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Easy to Make Rainy Day Homemade Chicken Noodle Soup, by Beverly Hicks Burch

A winter storm has been traipsing across the country bringing with it ice, sleet, snow and dropping temps into the deep freeze. There’s been at least 250,000 people in Texas alone without power. Other parts of the South have seen a succession of dreary, cold rainy days.

Days like this you just need comfort food – food that feeds mind, body and soul.

So, on days like that what do you crave? Sometimes it’s easy to throw together something that will just hold everything together, but other times it worth that extra effort to make a bowl of homemade comfort.

Finding that “comfort” was my mission today and I began it by thumbing through one of my many binders of collected recipes I’ve accumulated over many years. I happened upon a recipe for homemade chicken noodle soup – and that was my eureka moment.

It had been a while since I’d made this soup – like a decade or more and after reviewing it, I immediately saw opportunities for improvement. Isn’t it funny how food evolution works?

Here’s some changes – and don’t be afraid to make this homemade soup thinking it will take forever. It won’t. It’s amazingly easy to make and after one bite the first word out of Tall & Handsome’s mouth were, “Honey, this is fabulous.” I’ve used rotisserie chicken and low sodium chicken broth for a rich home made flavor instead of water and bouillon which tends to be high in sodium content.

The recipe calls for parsley. Use fresh if you have, but if not you can substitute dried parsley. A surprise herb used in the soup is marjoram. Marjoram is similar to oregano but milder in taste. Its indigenous to Cyprus and Turkey. The ancient Egyptian thought it brought good luck and the Romans and Greeks equated it with happiness. It is a pleasant, but under used herb.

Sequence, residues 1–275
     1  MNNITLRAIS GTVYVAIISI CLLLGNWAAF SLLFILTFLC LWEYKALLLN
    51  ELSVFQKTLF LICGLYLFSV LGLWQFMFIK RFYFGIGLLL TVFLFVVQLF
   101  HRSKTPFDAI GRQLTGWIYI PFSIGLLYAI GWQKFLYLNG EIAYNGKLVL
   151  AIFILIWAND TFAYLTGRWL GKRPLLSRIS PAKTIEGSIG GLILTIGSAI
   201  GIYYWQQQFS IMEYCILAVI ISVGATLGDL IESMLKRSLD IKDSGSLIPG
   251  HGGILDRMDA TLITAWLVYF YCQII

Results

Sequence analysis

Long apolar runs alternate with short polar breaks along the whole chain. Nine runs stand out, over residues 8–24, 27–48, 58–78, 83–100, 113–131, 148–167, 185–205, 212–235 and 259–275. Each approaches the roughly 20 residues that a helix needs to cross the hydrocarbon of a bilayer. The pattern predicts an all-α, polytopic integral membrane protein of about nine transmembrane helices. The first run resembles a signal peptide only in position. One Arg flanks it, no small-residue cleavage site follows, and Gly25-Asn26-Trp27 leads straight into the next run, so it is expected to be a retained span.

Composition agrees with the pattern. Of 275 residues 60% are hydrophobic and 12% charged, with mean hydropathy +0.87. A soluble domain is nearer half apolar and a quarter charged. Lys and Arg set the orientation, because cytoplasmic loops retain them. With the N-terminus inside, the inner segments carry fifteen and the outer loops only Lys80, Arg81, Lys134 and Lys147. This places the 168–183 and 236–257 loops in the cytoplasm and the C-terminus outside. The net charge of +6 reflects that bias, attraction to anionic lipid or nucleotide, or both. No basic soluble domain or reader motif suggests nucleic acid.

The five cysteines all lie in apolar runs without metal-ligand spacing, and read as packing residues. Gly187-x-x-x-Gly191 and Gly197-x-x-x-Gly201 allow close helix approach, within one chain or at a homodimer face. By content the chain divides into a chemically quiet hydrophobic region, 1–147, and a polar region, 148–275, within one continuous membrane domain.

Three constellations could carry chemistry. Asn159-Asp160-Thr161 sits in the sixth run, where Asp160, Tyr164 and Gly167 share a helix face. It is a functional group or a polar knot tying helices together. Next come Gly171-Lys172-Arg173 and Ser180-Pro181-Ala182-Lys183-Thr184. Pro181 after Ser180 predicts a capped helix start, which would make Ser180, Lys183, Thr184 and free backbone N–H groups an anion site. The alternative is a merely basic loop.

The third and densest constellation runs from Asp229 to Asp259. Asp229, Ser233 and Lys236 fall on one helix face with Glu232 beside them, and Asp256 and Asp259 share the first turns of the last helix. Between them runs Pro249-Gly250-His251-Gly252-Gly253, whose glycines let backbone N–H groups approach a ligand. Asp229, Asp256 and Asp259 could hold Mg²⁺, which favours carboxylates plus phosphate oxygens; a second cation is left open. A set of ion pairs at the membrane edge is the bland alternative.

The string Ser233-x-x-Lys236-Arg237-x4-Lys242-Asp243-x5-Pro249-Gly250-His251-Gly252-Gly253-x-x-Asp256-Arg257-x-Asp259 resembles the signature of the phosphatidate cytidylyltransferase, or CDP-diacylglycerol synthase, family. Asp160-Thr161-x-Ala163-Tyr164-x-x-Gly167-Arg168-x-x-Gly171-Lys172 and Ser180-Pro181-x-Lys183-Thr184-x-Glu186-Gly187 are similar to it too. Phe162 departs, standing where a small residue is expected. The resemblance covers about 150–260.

Serving suggestions? Your favorite hot bread, crackers, Panini, grilled cheese sandwich or cheese toast on 5 grain bread. You couldn’t buy anything better.

Easy to Make Rainy Day Homemade Chicken Noodle Soup

1/2 rotisserie chicken, skinned, deboned and chopped

1 onion, chopped

1 cup chopped celery

1 cup chopped carrots

2 tablespoons butter

2 tablespoons olive oil

12 cups low sodium chicken broth

1/2 teaspoon marjoram

1/2 teaspoon ground black pepper

1/4 teaspoon sugar (this brings out the sweetness of the carrots)

1/2 teaspoon kosher salt

1 large bay leaf

5 – 6 oz. wide egg noodles, uncooked

1 tablespoon fresh parsley, chopped or 2 teaspoon dried parsley

1. In a large stockpot or Dutch oven melt butter and olive oil together over medium heat. Add the chopped onion, celery and carrots and sauté until onions start to become translucent.

chopped onion, celery and carrots

sautee the veggies for chicken noodle soup

2. Add remaining ingredients except noodles and parsley. Bring to a boil and reduce heat and simmer for 25 minutes.

soup's ready

3. Add noodles and parsley. Bring to a boil, reduce heat and simmer for 10 minutes or until noodles are done.

chicken noodle soup

Enjoy!!

© 2013 Beverly Hicks Burch All Rights Reserved.

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Comments: 2

  1. Marlayne December 9, 2013 at 11:26 am Reply

    Wow does this look and sound fabulous. Now I’ve just GOT to try it. Our temps here were low 30′s the other day with wind, so perfect time. Never would have thought of using sugar or replacing Oregano with Marjoram. Thanks for sharing!

    • bamasteelmagnolia@windstream.net December 9, 2013 at 1:40 pm Reply

      Marlayne,

      You’re very welcome! The sugar thing was almost an after thought and is an old “Southern” thing. A lot of mommas teach their daughters – and it’s true – just the smallest amount of sugar highlights the natural sweetness of carrots. I’m like you – I don’t think of Marjoram often. It’s so under used. As far as low sodium chicken broth – it’s kind of like Barbara Mandrell use to say – to paraphrase – I was low sodium chicken broth before low sodium chicken broth was cool.

      So glad you have some relief from the heat and that it will last for a while! At least long enough for you to make a big old pot of soup ;-)

      Thanks for stopping by dear friend.

      Bev

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